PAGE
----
My seniors just finished up a persuasive unit that included a research paper and a persuasive speech.  Working on this project was quite daunting both for me and my students.  There are so many skills that go into writing a GOOD research paper and then aggregating that information into a GOOD persuasive speech.  Not only do they have to demonstrate competency in these skills, but my students have to do it in two different languages (ASL and English).   Needless to say, they found this project more difficult than reading Beowulf.  I, on the other hand, found it difficult to grade these assignments, especially the persuasive speech.

I  don’t know about other English teachers out there, but I find it so hard to get students to revise their drafts.  Students automatically go from first draft to editing to final draft.  They don’t seem to understand why revision is important, even after a writing conference with me.  To my students, when they write something, it makes sense to them exactly how they wrote it the first time, so why change it.  They have a hard time considering how the sentence or paragraph might read to a different audience.  Likewise, I find it hard for me to separate feedback for revisions from feedback for editing.  I often break out the colored pen and mark student’s grammatical errors simultaneously with margin comments about coherency.  More often than not, the grammatical errors get the most attention and the students ignore my coherency feedback.  I need to revise the way I give feedback.

Then, I think about best practices for teaching reading to students (I’m still not proficient in doing this consistently with students).  We annotate the text, make notes in the margins, jot down questions about portions that confuse us.  We also read together, read aloud, or get together as a group and discuss what we read and compare notes.  I also think about the comments section that I read fervently on some of my favorite blogs.  People have a wide variety of different views/interpretations on what they read.  I’m sure if readers were to give a grade, the grade would range from A-F.  I’m also sure blog writers take this feedback and apply it to future entries (or even to revise current ones).  I’m also sure that writers are a lot more careful at revising each of their blog posts before publishing them.  (I know this particular post has seen several mental and print revisions over the course of a week).  This made me realize that students need more authentic readers/viewers to give feedback on their writing (or signing).  It can’t just be me, and it certainly can’t just be peers within the class.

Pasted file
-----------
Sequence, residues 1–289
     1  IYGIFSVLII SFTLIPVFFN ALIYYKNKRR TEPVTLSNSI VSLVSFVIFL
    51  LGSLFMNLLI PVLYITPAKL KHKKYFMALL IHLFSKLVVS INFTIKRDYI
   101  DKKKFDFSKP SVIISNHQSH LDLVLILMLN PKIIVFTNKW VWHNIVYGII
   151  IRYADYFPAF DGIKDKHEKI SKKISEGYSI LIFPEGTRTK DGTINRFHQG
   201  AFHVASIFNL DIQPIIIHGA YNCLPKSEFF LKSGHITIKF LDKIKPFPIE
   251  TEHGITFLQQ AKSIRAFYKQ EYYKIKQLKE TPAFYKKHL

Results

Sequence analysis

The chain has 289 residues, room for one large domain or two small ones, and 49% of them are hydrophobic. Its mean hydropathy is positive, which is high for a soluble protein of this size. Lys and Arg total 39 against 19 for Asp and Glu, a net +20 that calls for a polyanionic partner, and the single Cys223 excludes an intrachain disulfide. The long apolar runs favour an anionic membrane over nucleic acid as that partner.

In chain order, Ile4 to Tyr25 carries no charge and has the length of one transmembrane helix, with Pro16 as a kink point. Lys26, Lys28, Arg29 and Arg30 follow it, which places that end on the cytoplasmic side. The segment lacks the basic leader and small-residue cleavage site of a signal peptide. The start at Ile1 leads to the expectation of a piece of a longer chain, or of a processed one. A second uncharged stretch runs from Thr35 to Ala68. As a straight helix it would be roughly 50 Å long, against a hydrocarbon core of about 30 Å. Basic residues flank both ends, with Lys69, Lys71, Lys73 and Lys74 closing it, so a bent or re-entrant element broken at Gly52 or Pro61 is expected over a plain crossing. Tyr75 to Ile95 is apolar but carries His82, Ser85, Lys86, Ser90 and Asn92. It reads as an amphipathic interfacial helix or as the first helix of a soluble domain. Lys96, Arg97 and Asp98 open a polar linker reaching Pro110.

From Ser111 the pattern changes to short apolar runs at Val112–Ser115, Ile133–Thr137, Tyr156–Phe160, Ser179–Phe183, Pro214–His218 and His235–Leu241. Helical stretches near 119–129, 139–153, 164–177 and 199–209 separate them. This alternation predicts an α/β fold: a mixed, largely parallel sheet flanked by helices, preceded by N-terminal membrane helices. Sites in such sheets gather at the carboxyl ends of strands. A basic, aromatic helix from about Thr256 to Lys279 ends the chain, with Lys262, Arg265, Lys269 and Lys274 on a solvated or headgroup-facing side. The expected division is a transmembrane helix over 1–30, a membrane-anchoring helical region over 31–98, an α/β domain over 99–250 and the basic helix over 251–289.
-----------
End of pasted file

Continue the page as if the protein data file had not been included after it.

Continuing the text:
So what’s wrong with peer revision or teacher feedback?  As a class, we’ve developed a culture surrounding the teacher’s expectations.  Students have come to  learn what I look for in good writing.  They’ve acclimated to my definition of good writing.  Even reading each other’s writing, they all parrot similar responses: “This part is good, it grabs my interest!”  or “I was confused by this, can you clarify?”   or “I think you should consider adding more description.”  These responses all sound like something a teacher would say, not something you’d find within margin annotations or even a blog comment.  Our students are even afraid to fail at giving feedback.

So how can we mimic the type of feedback we get out in the real world?  We can start by not trying so hard to mimic it.  We should make use of publishing (blogging and actually having students invite people to read their blogs, disseminating an online student newspaper or magazine, asking authentic audience members to come in for text review, or to judge student presentations).  I think we’re afraid to give students this authenticity because the backlash can be biting.  We don’t want to damage a student’s self-esteem; however, students eventually need to face reality.  Not everyone is going to like what they wrote, but that doesn’t mean that what they wrote was awful.  We have to let our students know that feedback is feedback, the ultimate control of the final draft is theirs.  I bet our student’s motivation to write would drastically improve if they knew that they actually had an authentic voice (and not just a completed assignment).  Imagine if they knew a local author was going to take a look at their short stories, or that their blogs received a large number of views with relevant comments.   I’m sure there would be initial panic but I’m also sure we’d see better writing from them.  I know I’m more motivated to write on this blog after seeing it re-tweeted and hopefully I’ve become a better blogger through this process.